In alternative versions of the polymerization, the alkylene polyether diol may include up to about 15 mole percent of an alkylene triol of from 3 to 8 carbon atoms, based on the total polyol charged, to increase the apparent molecular weight and therefore the melt or solution viscosity of the polymer, or up to about 50 mole percent of an unsaturated alkylene diol of from 6 to 12 carbon atoms, based on the total polyol charged, to control the stiffness of the polymer. Preferably, the alkylene triol is selected from trimethylolpropane, penetaerythritol monomethyl ether and glycerol, while the unsaturated alkylene diol is selected from tri-methylolpropane monoallyl ether, pentaerythritol diallyl ether and glycerol monoallyl ether.
The novel poly-(ether-urethane-urea) of the present invention is readily converted to implantable biomedical devices by established techniques such as extrusion, injection molding and dip casting. An especially preferred method is that disclosed in U.S. Pat. No. 4,173,689, the contents of which is incorporated herein by reference. Such implantable devices include small diameter blood vessels, nerve and tendon sheathing, A/V shunts, ureters and urethras.
The following examples are merely illustrative and are not to be construed as limiting the invention, the scope of which is defined by the appended claims.
Into a 5-liter Morton type resin kettle fitted with a fixed blade stainless steel agitator and shaft, high torque agitator motor, gas inlet tube, Allyn condensor, immersion thermometer and heating mantle, and protected from the atmosphere with fresh 1/8-inch 3 Angstrom molecular sieves, was placed 758.8 g (0.75 mole) of poly-(1,2-proplene glycol), approximate molecular weight 1025.sup.(1), predried by vacuum stripping on a rotary evaporator at 60° C. for 3 hours at a pressure of less than 0.5 mm Hg; 1375 ml of diglyme (bis-(2-methoxyethyl)ether).sup.(2) distilled from calcium hydride; and 1000 ml of dimethyl sulfoxide.sup.(3). Under a general nitrogen purge and with agitation, 375.4 g (1.5moles) of freshly distilled, flaked 4,4'-diphenylmethane diisocyanate.sup.(4) was washed into the flask from a dry powdered funnel with 375 ml of dimethyl sulfoxide.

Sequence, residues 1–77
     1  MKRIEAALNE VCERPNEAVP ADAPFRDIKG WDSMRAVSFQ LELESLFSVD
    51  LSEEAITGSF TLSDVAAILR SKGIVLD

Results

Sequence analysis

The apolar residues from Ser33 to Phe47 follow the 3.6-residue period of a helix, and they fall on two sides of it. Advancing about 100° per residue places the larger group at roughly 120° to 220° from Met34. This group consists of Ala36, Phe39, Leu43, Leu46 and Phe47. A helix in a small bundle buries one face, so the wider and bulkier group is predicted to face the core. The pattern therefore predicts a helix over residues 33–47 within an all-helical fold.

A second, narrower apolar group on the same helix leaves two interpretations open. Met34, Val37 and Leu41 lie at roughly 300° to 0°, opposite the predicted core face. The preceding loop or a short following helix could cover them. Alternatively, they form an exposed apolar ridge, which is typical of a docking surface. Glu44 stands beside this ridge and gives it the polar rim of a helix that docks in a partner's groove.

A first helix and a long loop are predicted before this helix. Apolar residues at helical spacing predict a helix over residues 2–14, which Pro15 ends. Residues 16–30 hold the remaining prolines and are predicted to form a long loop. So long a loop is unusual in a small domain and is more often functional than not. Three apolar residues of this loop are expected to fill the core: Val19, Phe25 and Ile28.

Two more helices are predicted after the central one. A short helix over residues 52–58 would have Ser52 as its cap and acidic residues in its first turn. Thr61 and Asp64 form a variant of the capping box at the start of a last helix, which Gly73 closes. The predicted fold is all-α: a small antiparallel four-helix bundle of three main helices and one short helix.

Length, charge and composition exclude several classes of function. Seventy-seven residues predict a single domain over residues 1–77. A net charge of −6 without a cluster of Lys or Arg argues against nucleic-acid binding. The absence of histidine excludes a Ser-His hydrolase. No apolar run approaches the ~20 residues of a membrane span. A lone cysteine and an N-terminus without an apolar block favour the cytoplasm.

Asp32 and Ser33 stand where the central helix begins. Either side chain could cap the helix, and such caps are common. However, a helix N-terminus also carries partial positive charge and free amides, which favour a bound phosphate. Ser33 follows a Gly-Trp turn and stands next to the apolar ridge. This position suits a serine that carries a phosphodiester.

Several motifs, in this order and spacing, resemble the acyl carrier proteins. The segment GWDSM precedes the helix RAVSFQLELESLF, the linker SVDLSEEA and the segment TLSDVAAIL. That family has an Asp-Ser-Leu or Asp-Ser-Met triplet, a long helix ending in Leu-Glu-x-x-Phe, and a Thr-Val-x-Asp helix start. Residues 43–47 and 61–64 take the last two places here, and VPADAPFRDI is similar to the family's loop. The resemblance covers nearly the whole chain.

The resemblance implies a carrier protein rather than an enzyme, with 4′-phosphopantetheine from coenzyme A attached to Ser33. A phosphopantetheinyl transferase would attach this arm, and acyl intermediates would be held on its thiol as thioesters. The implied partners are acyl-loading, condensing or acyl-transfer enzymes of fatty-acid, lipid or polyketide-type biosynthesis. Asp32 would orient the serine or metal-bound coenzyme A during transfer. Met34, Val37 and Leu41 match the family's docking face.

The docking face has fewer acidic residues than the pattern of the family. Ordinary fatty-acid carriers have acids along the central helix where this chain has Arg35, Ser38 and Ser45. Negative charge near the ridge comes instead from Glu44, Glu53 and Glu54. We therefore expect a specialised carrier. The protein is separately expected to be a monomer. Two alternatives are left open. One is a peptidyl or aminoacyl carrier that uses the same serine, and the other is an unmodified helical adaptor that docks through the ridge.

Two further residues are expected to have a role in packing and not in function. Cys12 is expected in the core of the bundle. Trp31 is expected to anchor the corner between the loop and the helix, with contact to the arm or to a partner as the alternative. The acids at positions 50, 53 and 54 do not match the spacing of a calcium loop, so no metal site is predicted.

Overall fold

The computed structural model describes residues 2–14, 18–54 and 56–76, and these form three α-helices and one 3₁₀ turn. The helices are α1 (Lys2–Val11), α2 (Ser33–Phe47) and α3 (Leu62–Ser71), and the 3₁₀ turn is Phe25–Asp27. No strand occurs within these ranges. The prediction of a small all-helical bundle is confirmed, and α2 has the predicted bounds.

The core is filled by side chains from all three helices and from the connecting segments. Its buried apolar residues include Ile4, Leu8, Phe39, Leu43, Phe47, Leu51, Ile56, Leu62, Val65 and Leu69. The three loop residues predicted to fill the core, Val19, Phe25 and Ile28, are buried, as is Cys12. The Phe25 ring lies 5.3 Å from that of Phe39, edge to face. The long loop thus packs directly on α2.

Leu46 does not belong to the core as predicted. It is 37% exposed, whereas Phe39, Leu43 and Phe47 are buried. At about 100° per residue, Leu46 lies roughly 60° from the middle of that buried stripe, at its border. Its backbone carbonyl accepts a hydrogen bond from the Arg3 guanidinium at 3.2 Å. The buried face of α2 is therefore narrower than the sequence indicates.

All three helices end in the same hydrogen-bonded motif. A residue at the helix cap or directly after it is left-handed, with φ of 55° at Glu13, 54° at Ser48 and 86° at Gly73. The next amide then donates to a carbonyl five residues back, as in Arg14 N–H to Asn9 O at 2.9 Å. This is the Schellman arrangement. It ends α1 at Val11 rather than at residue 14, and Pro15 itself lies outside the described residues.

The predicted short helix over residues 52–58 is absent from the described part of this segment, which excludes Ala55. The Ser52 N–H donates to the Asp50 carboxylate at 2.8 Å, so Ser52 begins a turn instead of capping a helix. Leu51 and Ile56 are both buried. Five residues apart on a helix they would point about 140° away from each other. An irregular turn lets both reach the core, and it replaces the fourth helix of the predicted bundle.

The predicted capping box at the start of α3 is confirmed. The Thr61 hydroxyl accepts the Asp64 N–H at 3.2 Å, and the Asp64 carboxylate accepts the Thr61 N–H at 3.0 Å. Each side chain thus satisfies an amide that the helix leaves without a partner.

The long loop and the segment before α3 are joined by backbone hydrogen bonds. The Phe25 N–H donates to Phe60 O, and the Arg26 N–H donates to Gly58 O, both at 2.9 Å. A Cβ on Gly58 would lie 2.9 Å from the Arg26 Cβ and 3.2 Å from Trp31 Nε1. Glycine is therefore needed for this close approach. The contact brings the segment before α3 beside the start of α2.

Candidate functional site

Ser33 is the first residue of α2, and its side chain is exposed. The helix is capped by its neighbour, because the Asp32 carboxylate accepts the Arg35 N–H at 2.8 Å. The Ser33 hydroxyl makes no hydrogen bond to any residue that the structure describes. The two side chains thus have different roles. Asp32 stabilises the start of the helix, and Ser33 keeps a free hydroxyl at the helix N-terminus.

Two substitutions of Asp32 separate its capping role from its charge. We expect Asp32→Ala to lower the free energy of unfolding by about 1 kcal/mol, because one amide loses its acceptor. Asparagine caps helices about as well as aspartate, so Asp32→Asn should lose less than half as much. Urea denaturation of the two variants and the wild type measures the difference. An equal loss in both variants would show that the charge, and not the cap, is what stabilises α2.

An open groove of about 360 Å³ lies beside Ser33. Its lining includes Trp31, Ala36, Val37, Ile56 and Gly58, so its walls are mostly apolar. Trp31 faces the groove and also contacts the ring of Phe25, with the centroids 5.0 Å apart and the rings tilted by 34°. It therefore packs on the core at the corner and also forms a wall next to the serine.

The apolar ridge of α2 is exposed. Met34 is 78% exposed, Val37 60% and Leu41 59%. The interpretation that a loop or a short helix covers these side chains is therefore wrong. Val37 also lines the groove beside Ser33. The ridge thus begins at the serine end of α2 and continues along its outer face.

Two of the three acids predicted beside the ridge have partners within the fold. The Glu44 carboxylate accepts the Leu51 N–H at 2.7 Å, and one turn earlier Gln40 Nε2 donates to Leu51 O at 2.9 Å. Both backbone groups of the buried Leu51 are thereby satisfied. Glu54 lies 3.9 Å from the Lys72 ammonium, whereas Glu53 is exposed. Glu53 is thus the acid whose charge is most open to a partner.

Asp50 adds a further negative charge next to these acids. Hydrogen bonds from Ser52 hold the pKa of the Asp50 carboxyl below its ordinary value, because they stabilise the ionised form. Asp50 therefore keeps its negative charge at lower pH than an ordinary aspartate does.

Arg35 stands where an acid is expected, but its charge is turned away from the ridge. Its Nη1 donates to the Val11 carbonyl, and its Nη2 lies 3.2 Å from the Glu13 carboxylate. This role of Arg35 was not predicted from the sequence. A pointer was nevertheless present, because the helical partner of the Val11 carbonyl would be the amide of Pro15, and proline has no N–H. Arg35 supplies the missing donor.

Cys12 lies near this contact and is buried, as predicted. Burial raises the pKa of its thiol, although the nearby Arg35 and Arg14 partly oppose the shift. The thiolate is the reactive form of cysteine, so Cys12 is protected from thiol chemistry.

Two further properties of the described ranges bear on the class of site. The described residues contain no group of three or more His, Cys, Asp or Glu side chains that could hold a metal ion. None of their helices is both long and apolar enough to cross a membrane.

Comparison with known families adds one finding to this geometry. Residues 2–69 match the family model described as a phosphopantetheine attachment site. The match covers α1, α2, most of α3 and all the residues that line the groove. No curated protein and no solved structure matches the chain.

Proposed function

The reaction mixture was stirred under the nitrogen atmosphere for 1.75 hours at 85° C.
The heating mantle was then replaced by an ice bath, and the reaction mixture solution was cooled under continued agitation and nitrogen purging to 20° C. A solution of 45.1 g (0.75 mole) of fresh distilled ethylenediamine.sup.(5) and 500 ml of dimethyl sulfoxide was quickly added to the reaction mixture. An additional 60 ml of dimethyl sulfoxide was used to rinse the funnel containing the diamine into the kettle. The viscosity and temperature of the reaction mixture increased very rapidly, the temperature rising to about 36° C.; one hour after the diamine addition, the temperature in the kettle had cooled back to 20° C.
A solution of 3.54 g (0.06 mole) of ethylenediamine and 25 ml of dimethyl sulfoxide was quickly added to the stirred, viscous reaction mixture. About 30 minutes later, the ice bath was removed from the kettle and a solution of 12.05 g (0.12 mole) of reagent grade acetic anhydride.sup.(5) dissolved in 5 ml dimethyl sulfoxide was added. The heating mantle was replaced around the kettle, and the reaction mixture was warmed to 60° C., under agitation and nitrogen purging, and stirred an additional 30 minutes at that temperature.